Punk … history?
A few decades ago we never thought about those two words in one sentence. Punk was new, inventing itself and reinventing itself, segmenting and regenerating like an earthworm before our bleary black-lined eyes.
The formative years of punk rock happened when many of us were just old enough to get drunk with a fake I.D.
Of course, some didn’t drink or indulge in substances at all: the straight-edge punks. Others were skinheads. There were the skinheads who were white supremacists but many weren’t racists at all. And thus began the strange diversification of punk.
What began as a vague number of kids wearing mohawks, army jackets and combat boots increased to several well-defined niches who listened to different bands, abided by different codes and wore distinct clothing.
Our gathering places were not only bars but warehouses, empty storefronts, parking lots and house parties, where bands played loud, distorted minute-long songs to which we screamed, jumped around, slam-danced, skanked, thrashed, stage-dived and flailed.
If you were in my generation, you might’ve heard the Ramones from older siblings or friends’ older siblings and Black Flag from a cassette tape your friend made you in high school.
I remember when the American hardcore scene was in its early phases, when bands like Fear and Suicidal Tendencies were touring and playing dives like the Lonesome Coyote in Pinellas Park. It’s hard to believe, but these days were long before the reaches of the internet. We read about out-of-state bands and progressive social issues in copy-machine-crafted ’zines and bought music on 7-inch vinyl.
For the aging punk rockers, there are a bevy of fond, if sloppy, memories, and it’s a bit surreal to that we are aging and getting all Big Chill about it. We’re reminiscing about the major players, the landmarks; people who died and went to jail.
What was so great about it? We thought we were part of something bigger, that we were thumbing the establishment, and it kept us going even if we were completely disillusioned with the world.
Memories of these times give us a snapshot of the chaos, camaraderie and blissful abandon around live punk music that lives on today. Local bands like Clairmel and Pink Lincolns have embodied the lifestyle locally.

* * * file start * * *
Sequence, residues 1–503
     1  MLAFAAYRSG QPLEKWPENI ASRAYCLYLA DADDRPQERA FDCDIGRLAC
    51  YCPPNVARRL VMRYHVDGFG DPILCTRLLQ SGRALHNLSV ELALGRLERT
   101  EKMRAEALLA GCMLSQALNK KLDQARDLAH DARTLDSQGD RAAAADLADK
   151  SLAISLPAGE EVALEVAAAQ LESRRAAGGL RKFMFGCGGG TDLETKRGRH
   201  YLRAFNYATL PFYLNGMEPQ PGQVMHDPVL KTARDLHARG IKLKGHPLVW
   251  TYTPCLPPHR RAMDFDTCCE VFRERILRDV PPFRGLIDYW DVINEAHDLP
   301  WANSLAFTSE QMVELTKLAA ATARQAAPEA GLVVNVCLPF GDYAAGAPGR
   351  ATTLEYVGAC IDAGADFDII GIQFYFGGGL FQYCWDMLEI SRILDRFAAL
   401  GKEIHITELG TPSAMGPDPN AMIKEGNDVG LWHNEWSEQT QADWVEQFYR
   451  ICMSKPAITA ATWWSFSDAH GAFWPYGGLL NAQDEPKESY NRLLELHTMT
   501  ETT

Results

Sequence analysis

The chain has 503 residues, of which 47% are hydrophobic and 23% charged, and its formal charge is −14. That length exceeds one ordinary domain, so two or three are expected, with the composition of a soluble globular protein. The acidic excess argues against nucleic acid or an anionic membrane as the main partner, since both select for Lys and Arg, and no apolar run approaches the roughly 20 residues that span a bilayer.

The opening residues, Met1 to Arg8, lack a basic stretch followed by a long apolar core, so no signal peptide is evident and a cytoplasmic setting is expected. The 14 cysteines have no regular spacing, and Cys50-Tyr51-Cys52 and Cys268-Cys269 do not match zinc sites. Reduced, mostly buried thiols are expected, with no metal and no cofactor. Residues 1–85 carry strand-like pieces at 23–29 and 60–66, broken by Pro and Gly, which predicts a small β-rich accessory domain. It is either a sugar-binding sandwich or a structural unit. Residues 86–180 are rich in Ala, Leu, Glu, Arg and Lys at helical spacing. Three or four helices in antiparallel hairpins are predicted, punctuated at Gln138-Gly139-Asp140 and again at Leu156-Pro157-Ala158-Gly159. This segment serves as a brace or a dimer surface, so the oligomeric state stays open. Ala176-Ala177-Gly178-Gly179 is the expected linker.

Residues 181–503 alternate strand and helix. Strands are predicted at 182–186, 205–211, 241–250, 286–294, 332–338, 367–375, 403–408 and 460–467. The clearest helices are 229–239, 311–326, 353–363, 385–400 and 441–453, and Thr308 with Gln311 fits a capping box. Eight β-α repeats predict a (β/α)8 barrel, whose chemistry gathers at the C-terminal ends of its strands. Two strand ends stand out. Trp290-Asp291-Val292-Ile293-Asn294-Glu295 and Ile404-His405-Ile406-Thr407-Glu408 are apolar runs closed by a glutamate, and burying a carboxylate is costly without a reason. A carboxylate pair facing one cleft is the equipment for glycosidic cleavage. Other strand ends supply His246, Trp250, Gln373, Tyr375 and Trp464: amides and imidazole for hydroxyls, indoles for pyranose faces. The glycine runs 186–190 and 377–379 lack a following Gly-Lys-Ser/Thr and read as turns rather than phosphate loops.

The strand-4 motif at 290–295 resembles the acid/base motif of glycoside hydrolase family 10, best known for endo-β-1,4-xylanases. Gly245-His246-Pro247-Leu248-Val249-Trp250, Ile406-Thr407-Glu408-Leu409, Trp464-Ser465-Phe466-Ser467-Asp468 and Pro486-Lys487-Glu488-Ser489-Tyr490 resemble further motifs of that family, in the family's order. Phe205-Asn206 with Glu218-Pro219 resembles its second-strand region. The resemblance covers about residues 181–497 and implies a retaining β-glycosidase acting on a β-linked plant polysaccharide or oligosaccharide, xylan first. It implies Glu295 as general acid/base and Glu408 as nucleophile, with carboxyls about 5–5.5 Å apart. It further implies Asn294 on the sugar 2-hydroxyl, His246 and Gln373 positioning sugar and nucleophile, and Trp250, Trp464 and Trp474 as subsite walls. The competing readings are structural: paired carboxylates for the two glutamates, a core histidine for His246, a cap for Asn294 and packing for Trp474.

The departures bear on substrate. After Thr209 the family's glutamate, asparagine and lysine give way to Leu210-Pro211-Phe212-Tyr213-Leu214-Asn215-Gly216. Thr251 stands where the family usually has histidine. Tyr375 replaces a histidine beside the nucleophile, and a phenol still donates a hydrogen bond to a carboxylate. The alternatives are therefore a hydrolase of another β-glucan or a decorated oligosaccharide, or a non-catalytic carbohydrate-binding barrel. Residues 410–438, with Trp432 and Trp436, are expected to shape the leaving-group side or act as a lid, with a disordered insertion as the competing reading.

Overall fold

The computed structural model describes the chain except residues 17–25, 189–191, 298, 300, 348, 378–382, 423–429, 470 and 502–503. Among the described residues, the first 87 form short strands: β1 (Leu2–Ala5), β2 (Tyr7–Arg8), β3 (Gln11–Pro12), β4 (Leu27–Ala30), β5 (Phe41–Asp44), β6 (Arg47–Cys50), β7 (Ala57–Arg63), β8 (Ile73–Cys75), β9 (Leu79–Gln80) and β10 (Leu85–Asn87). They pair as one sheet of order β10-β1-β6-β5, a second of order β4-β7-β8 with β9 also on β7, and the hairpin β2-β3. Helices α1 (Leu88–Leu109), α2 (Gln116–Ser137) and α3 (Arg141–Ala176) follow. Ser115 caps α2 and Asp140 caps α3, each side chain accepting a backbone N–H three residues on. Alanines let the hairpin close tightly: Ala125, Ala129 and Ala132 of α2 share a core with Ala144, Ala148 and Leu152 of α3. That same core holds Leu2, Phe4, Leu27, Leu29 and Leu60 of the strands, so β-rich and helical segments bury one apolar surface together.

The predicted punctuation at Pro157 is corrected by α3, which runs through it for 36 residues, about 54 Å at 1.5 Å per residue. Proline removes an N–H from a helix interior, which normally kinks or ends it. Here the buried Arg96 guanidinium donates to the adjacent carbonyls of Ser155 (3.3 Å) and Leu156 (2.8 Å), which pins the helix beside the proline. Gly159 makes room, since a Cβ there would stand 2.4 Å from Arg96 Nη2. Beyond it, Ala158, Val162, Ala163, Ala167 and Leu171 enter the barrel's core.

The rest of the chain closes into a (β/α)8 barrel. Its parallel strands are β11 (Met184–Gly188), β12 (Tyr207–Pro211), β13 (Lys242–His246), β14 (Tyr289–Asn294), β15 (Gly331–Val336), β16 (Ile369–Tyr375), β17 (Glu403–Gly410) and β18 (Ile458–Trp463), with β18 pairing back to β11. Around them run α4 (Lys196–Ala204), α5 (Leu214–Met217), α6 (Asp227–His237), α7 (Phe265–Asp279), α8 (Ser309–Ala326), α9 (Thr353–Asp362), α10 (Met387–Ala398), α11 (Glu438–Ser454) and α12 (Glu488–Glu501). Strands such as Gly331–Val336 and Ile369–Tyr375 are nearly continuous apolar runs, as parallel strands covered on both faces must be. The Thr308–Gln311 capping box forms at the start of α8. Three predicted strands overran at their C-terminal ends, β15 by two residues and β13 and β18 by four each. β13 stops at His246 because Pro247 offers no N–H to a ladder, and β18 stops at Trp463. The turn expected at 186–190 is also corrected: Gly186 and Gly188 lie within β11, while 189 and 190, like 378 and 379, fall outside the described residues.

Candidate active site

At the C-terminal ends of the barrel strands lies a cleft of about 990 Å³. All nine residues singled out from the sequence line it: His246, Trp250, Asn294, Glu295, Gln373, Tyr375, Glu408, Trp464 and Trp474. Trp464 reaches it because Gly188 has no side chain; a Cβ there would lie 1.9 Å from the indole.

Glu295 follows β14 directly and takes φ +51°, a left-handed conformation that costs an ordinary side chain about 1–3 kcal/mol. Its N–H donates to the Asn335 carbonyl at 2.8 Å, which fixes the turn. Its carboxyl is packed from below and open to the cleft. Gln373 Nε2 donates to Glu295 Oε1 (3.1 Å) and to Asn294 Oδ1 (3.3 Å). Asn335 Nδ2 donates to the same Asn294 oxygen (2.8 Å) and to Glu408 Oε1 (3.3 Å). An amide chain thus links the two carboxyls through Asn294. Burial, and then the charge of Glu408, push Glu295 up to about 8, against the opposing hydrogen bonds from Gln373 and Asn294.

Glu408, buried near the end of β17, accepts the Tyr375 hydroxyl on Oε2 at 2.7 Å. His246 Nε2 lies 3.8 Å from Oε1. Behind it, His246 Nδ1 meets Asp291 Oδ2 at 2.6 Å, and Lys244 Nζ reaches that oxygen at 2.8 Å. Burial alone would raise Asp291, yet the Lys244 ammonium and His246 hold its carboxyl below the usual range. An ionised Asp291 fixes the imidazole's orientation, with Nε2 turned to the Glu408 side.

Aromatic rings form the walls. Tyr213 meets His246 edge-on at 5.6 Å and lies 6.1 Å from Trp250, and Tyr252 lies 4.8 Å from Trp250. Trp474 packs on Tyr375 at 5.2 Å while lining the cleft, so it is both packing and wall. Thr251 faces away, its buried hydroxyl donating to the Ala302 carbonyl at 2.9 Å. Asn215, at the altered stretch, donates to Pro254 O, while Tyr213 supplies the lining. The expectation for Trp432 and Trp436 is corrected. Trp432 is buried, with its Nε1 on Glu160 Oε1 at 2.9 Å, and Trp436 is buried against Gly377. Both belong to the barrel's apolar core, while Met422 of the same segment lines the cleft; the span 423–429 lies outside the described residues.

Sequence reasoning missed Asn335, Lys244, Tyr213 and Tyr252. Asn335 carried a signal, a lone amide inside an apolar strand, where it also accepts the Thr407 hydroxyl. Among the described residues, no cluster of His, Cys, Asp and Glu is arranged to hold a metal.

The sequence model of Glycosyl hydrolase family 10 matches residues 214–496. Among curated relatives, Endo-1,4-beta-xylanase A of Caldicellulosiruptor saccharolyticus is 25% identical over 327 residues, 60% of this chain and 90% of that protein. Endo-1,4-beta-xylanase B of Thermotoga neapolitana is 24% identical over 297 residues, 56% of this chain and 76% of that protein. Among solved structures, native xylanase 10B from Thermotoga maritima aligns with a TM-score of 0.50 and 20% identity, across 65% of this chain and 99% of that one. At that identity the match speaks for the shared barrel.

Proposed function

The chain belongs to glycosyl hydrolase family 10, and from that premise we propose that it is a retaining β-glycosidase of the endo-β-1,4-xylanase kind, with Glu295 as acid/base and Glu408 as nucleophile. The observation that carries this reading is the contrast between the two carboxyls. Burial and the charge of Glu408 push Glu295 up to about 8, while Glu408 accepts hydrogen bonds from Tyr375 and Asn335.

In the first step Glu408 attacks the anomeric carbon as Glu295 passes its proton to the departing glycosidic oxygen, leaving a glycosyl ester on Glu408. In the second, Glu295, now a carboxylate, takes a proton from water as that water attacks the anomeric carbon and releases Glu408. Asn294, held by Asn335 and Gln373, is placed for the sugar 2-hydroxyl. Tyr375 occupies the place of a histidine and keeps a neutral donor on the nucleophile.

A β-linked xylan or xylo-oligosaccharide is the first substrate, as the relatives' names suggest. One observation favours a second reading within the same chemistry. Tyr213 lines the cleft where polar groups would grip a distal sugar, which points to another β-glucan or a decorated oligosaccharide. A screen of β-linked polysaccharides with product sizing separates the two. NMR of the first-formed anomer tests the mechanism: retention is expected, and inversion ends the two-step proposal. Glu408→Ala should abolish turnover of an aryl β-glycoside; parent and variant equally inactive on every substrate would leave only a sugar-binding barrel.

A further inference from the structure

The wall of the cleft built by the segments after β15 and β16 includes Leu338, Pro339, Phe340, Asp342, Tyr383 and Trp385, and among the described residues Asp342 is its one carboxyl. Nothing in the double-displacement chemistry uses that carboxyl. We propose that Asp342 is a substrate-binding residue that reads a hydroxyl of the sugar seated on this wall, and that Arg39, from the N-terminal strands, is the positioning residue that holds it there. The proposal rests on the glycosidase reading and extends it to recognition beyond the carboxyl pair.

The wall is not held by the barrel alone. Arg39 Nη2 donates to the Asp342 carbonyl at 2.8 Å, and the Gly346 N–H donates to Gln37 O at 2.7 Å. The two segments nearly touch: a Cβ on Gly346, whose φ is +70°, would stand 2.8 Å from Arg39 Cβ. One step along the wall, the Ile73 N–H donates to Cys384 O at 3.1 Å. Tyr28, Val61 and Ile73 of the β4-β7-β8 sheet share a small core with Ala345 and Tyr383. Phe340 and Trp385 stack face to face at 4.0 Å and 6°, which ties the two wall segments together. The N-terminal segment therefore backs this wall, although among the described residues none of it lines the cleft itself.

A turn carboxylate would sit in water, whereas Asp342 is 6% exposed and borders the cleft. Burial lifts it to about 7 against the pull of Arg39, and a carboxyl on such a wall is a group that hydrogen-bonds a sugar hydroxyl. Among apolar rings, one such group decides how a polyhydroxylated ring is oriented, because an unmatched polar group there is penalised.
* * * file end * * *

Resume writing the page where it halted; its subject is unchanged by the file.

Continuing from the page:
Their road stories — along with those of Anti Nowhere League, UK Subs, Husker Du, Bad Religion, Dead Milkmen and some 50-plus others — have been documented in Tony Patino’s The Road, a book that makes you feel like you’re right there in the van — so much so, you might even feel like you need a shower afterward.
The Bricks celebrates the Tampa-born author’s new tome with The Road Book Signing and Release Party. Headlining the free shindig will be Tampa’s Decker (Dave Decker of Vagina Sore Jr. and Clairmel fame) and Murder-Suicide Pact.
Incidentally, Decker tells us he’s finishing up a 13-song solo album with Bill Clower (of Radon) and Todd Rockhill (The Draft, Discount and The Enablers). The trio will be touring the West Coast in September.
Writer Tony Patino, born in Tampa in 1970, is taking upon himself to document punk rock memories, starting out with a book about punk bands on tour in The Road.
In his bio, Tony Patino says he was introduced to the power of music by his mother who exposed Tony to The Rolling Stones, Dylan, The Allman Brothers and Bob Marley. His attraction to more obscure artists emerged when his older sister began dating, and later married, an employee of a local Tampa record store, Vinyl Fever, where he was exposed to underground acts such asKing Crimson, Devo, Frank Zappa, Captain Beefheart, Motorhead and The Ramones.
“I grew up in Lutz, which back then was not the residential paradise that it seems to have become,” Patino said, “but a great place to grow up nonetheless.”
The married father of three now lives in Lexington, Ky., a place he says is cool for raising families. In his youth, he played bass, and he says music has never left his blood. He has worked as a concert booking agent, a local promoter, a columnist for music magazines, the A&R person for a record label, and an artist manager. He says he’s experienced firsthand the unpredictability of life on the road, and decided to bring the insanity of it all to readers who want a glimpse of what life was like backstage and in the van.
Patino, inspired by his experiences hanging out at Tampa shows, says his latest project is a film about our local scene.
“I've been working on a documentary film about the Tampa scene from 1980 to 1990,” he said. “I'll be interviewing some people for that project this week.”
Who are the players in Patino’s backstory?
"I was involved in the Tampa punk scene from late 1986 until I left 1992, so I'm either good friends with or acquainted with just about everybody from the scene back then. I'm friends most all of the bands from back then, Jehovah's Sicknesses, Rat Cafeteria, Guy Smiley, BOS, COR, Awake, People's Court … geez, there aren't too many people from the '80s punk scene that I don't know."
Patino says he collected thousands of show fliers and talked to members of Dead Milkmen and Circle Jerks, who commented on Tampa's violent skinhead incidents. Their voiceovers will be heard with montages of photos of past punk shows.
From the looks of it, Tony Patino may be our unofficial Tampa Punk Historian Laureate.